Comm Alumnus Directs New York Times Film on Criminal Justice Reform

School of Communication alumnus (’98) Ritesh Gupta has collaborated with Roc Nation and Meek Mill to direct a New York Times op-ed film “Meek Mill: Prisoners Deserve a New Set of Rights”. Gupta wanted to emphasize the importance of adversely impacted individuals, such as minorities and the impoverished, by highlighting the need for criminal justice reform and follows the story of rapper Meek Mill.

“The need for American criminal justice reform is one of the most important issues of our time.” Gupta explains, “So many people, particularly minorities and the impoverished, are adversely impacted by the current process. The need for reform was important to bring to light in a way that registered with a broad audience, so everyone could get behind the need and advocate for reform. The current system had a very public impact on Meek Mill and he has since been an outspoken proponent on the immediate need for reform. When Roc Nation provided the opportunity to help on the film through VaynerProduction and VaynerMedia, I was all in.”

Working on this important project that tackles such a sensitive cultural issue is what pushed Gupta to create this film with the message of the desperate need for reform. He hopes that audiences are able to takeaway the incredible power each individual has to enact change. “A lot of times we think the ability to make change is solely in the hands of the politician.” says Gupta. “But our hope was to empower the people watching to not only understand the human impact, but to understand they have a right to expect better.”

Gupta is currently working in New York City as the Group Creative Director for the full-service digital agency VaynerMedia and credits his successful career to classes he took while at Florida State. “FSU offered me access to so many different areas and different experiences that informed me of what I wanted to do.” remarks Gupta. “Whether it was Seminole Productions with Mark Rodin, or learning advertising from Barry Solomon, or just getting inspired by Mark Zeigler. Not only were the extra-curricular opportunities abundant, but the people there really got behind you to motivate and empower you to want to seek out the world and learn it all.”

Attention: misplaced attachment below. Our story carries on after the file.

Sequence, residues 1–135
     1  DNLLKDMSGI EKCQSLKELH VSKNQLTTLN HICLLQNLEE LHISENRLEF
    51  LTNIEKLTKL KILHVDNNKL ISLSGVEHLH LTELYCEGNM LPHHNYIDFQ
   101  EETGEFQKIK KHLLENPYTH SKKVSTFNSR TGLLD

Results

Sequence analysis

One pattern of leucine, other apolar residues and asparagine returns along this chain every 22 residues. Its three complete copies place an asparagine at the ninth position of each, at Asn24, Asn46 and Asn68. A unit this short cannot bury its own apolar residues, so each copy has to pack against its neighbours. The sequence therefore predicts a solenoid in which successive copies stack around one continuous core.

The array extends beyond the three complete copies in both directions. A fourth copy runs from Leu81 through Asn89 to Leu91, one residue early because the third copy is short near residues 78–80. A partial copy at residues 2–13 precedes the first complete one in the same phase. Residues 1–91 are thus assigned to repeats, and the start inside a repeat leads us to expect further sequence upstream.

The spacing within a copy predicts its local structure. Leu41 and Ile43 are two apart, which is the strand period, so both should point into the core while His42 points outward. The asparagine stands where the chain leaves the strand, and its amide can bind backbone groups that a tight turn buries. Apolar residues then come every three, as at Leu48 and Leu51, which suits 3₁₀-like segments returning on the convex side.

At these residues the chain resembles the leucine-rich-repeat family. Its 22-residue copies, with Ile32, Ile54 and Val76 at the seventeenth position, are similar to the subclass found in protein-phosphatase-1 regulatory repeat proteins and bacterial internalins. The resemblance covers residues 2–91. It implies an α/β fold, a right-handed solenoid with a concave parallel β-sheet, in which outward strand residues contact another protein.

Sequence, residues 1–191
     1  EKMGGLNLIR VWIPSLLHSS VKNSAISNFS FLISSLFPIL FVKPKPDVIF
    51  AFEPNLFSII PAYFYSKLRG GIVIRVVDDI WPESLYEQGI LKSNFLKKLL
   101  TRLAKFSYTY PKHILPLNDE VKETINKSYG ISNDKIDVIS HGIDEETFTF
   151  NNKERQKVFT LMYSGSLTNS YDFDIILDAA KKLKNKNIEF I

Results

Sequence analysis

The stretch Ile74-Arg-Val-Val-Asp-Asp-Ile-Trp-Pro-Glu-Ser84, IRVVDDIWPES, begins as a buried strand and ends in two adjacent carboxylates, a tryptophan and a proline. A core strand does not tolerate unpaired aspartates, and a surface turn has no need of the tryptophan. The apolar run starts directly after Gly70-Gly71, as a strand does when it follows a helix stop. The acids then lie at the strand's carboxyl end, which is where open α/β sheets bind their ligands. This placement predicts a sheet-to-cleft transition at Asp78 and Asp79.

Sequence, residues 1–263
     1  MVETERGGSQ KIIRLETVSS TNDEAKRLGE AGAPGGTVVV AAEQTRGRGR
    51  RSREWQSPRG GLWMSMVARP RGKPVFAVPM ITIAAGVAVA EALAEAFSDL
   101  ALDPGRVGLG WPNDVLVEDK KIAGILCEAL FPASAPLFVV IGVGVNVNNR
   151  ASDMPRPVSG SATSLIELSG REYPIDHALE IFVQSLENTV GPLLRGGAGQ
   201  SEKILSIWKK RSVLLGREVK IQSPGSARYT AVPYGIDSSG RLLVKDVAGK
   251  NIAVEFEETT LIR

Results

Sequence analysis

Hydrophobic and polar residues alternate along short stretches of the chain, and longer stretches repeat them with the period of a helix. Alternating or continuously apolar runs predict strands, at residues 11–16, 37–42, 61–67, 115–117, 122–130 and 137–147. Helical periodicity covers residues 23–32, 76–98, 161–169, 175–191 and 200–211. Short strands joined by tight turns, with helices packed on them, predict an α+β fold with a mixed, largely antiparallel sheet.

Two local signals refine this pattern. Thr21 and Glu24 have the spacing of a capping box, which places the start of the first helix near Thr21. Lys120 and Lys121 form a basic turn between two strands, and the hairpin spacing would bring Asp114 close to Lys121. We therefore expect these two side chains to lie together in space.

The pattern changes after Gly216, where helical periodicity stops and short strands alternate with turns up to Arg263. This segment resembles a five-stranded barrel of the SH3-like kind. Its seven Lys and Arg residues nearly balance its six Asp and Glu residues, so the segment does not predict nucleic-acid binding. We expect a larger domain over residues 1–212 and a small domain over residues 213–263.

Learn more about Ritesh Gupta through the Q&A with him below and make sure to watch his film here.

What has been your favorite part of being involved with this project?
Knowing that we were taking on an issue so important and had an opportunity to really convey the desperate need for reform. Florida recently was at the forefront of rectifying some of those wrongs as the state recently passed Amendment 4 in the past November elections, reinstating individuals with felony convictions the right to vote and making some change. But that was just one step in a broader push to really reform the criminal justice system in the United States.

What do you hope is the biggest takeaway audiences get from this film?
I hope through watching this people were moved to understand that they can be a force of change to demand a new set of rights. The right to speak up and be a part of a positive social movement. A lot of times we think the ability to make change is solely in the hands of a politician or the political system. Our hope was to empower the people watching to not only understand the human impact, but to understand they have a right to expect better.

Best piece of advice you have ever received?
One of my professors years ago – Scott Atwell – once told me: ‘Be careful who’s toes you step on on your way to the top. It will be the same people you see on your way to the bottom.’ It couldn’t be more true. Basically what it means is be humble, be kind, treat people well and understand the person who works for you today, may be your boss tomorrow. Whether we are in film, advertising, finance, insurance or any other field, the way we treat people defines who we are as employees and colleagues. And it’s important to keep a level of humility and respect that even if you’re on top today, you can easily be on the bottom tomorrow. And if you are: who is going to remember you in a way that would make them want to help you?

What would you say to someone who doesn’t know what career they’d like to pursue?
Be open to everything, say no to nothing, and be willing to have your mind changed by the experiences life has to offer. When I left FSU I thought all I ever wanted to be was a sportscaster. Then last month I helped to create a film with someone who had the #1 Album in the country. Who would have thought I’d go from a sports reporter on Doak Campbell to a global stage in the NY Times. But life has a funny way of taking you places you never would know you’d end up. To students and young people everywhere — worry less, live more, and love the journey. It’s a helluva ride.